Many different animals — including bats, whales and dolphins — use echolocation to determine where they are in the dark or under water. It also helps them capture their dinner! Bats make very high-pitched noises, while dolphins make little clicking noises. The noises the animals make bounce off of objects and come back to their ears. The reflected noise, or the echo, will sound different depending on where the object is. These animals can tell how far away the objects are by listening to the echoes coming back.

Engineers have figured out a way to do the same thing that animals do; however, they need some special equipment to do it. Engineers use sonar, which stands for Sound wave Navigation And Ranging. This technology uses sound waves to navigate ocean waters and skies. Radar, RAdio wave navigation And Ranging, uses the same principals, but with radio waves instead of sound waves. Sonar and radar work almost exactly the same way that echolocation for animals. This is a great example of how engineers mimic what occurs in nature and use it to help people who have needs similar to the animals'.

You know about echolocation now, but first we need to talk a little bit more about sound waves. You have already learned about longitudinal and transverse waves, wavelength, amplitude and frequency. Sound waves have all these characteristics. When something or someone makes a sound, the sound creates pressure changes in the air (or water, if the sound is traveling through water). Those pressure changes travel to our ear, and our ear interprets them as sound.

Now we're going to do a fun activity where you will get to see how good your echolocation skills are!

Lesson Background and Concepts for Teachers

Sonar is a system that locates objects by transmitting sound waves and detecting the waves when they are reflected off of objects. Bats and many other animals, such as whales and dolphins, use natural sonar to navigate and capture prey (also called echolocation).

Bats emit high frequency noises, about 100,000 Hz (higher than the top range of human hearing, which is about 20,000 Hz), which echo off objects and then return to the bat's ears. Depending on how long it takes the sound wave to echo back to the bat's ears and from which direction it comes from, a bat can tell the location and size of the object. Dolphins and whales use echolocation to see underwater. They make clicking sounds that echo back to them and tell them where objects are located.

Sonar signals are so precise they can create detailed sound "pictures" of objects. Animals that use natural sonar are able to get a very detailed "image" of where objects are located and how fast they are traveling. That's why bats are able to capture insects so successfully in mid-flight.

Engineers used the concept of echolocation to develop SONAR (SOund wave Navigation And Ranging). SONAR works basically the same way as natural echolocation and is used in a wide variety of applications. Active sonar uses transmitters and receivers to send out and receive pulses of sounds. Based on the time it takes for the sound to reflect off an object and reach a given receiver, sonar operators can calculate how far away objects are located. Passive sonar does not send out signals, but only listens for signals generated by other objects.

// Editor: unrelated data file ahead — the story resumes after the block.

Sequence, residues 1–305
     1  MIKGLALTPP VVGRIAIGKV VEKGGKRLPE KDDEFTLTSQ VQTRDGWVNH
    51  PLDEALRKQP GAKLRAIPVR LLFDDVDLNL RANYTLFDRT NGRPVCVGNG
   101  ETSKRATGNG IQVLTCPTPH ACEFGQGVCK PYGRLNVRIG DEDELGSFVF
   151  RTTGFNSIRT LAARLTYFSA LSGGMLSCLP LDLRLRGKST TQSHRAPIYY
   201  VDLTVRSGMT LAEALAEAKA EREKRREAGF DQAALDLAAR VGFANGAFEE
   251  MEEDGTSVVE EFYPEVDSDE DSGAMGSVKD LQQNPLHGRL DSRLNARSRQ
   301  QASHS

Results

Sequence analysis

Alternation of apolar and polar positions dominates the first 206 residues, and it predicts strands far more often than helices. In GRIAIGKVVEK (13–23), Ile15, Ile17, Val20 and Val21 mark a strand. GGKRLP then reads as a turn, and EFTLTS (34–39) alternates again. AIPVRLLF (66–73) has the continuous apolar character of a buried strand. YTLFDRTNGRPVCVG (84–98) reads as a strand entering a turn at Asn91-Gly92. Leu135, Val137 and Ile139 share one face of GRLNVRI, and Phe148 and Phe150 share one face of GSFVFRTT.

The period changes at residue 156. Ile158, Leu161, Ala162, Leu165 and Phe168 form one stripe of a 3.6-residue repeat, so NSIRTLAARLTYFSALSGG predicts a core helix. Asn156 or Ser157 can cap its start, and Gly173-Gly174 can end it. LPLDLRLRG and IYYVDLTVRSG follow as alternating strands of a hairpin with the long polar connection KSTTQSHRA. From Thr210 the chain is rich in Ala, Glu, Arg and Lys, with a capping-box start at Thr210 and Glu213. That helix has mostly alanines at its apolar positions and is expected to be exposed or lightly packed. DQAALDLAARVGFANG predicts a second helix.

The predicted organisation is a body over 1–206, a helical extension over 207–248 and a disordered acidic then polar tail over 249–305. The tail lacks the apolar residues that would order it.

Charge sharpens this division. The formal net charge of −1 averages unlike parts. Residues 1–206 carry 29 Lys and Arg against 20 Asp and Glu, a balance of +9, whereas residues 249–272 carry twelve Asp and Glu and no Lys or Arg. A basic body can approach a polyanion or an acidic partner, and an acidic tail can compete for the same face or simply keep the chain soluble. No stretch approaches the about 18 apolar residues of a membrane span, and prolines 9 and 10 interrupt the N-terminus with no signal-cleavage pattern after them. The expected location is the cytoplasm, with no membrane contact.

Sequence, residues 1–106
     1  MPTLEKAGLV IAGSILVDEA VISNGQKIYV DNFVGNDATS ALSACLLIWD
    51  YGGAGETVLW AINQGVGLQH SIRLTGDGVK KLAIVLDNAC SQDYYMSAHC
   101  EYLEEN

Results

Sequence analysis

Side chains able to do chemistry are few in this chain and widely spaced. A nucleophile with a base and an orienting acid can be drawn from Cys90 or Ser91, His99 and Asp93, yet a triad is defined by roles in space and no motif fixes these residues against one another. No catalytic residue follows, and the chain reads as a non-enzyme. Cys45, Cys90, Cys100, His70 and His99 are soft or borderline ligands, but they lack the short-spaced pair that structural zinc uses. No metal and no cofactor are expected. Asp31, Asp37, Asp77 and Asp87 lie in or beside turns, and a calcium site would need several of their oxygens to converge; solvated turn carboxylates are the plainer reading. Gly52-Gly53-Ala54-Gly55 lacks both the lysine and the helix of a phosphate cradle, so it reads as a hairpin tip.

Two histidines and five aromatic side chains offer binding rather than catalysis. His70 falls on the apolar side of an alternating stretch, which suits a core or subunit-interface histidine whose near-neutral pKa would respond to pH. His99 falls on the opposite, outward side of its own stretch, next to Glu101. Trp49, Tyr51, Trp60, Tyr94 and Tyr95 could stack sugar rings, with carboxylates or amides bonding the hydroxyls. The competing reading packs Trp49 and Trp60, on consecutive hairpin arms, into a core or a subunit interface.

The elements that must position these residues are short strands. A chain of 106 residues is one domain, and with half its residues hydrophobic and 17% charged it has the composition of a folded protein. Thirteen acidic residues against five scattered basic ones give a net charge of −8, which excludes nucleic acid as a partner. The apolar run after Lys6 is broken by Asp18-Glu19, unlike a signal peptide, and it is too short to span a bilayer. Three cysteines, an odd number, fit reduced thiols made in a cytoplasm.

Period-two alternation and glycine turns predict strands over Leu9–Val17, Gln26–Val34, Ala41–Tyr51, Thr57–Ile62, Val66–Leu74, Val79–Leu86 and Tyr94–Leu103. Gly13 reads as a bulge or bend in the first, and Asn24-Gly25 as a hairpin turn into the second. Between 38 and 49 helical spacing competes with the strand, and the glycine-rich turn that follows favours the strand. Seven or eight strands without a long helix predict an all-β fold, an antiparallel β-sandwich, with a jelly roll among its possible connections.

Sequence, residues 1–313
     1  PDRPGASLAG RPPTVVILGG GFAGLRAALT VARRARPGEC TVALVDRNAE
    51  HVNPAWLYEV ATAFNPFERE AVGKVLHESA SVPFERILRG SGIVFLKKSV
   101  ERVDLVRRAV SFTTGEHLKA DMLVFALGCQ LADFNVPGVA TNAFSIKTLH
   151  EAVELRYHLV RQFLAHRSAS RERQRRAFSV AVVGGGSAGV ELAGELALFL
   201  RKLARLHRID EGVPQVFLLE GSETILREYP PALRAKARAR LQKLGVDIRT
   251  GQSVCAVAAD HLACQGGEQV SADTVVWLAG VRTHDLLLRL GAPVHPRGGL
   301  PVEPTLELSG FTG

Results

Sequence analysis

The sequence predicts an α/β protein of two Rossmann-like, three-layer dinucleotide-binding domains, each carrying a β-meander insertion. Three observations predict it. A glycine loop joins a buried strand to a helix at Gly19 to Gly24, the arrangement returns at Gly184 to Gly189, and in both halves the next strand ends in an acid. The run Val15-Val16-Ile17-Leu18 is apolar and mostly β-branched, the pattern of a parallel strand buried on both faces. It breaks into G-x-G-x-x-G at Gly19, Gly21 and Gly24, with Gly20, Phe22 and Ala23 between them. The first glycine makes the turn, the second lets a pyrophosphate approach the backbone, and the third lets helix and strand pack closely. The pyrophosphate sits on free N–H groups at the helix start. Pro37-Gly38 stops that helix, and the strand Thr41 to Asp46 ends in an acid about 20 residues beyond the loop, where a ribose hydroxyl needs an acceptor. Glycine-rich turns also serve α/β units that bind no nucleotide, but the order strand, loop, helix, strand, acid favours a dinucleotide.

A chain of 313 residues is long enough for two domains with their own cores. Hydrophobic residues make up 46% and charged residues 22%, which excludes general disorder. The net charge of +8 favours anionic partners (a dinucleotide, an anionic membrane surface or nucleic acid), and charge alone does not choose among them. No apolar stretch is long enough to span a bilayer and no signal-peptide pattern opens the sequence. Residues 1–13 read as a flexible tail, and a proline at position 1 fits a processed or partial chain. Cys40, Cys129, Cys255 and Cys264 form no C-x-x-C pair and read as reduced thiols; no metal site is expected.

RADAR (RAdio wave navigation And Ranging) applies the same concept as SONAR except that it uses radio waves instead of sound waves. Figure 2 shows an actual SONAR image of a sunken ship.

Grainy image shows the shape of a sunken ship.
Figure 2. Sonar image of a sunken ship.
copyright
Copyright © NASA, Jet Propulsion Laboratory, California Institute of Technology http://www.jpl.nasa.gov/

Two important components of understanding echolocation are to know (or at least become familiar with) what a sound wave is and what an echo is.

A sound wave is a series of traveling density fluctuations in a medium (e.g., air or water) that our ear changes into a perception of sound. These density oscillations correspond to pressure fluctuations, where regions of greater density have higher pressure and vice-versa. A vibrating object in the air or water creates these density and pressure fluctuations. As mentioned before, our ears change the pressure fluctuations into our perception of sound. In other words, the greater the amplitude of the pressure fluctuation, then the greater will be our perception of the volume of the sound.

We hear an echo when a sound wave bounces off another surface and returns to our ear again after a period of time. The sound wave can bounce again and again off of multiple surfaces, so it is possible to hear multiple echoes from a single sound source.

Vocabulary/Definitions

echo: When a sound wave that we have already heard bounces off another surface and returns to our ear again after a period of time.

echolocation: Using sound waves to "see" the location of something. Some animals, such as bats and dolphins, emit sounds that bounce off objects and then echo back to their ears. From the direction and time it takes for the echo to come back, these animals can determine the location and distance of the object.

sound wave: A longitudinal wave that is made of a series of traveling density fluctuations in a medium (e.g., air or water) that our ear changes into a perception of sound.

Associated Activities

  • Echolocation in Action! - Students use their ears to determine the direction of sounds that other students are making.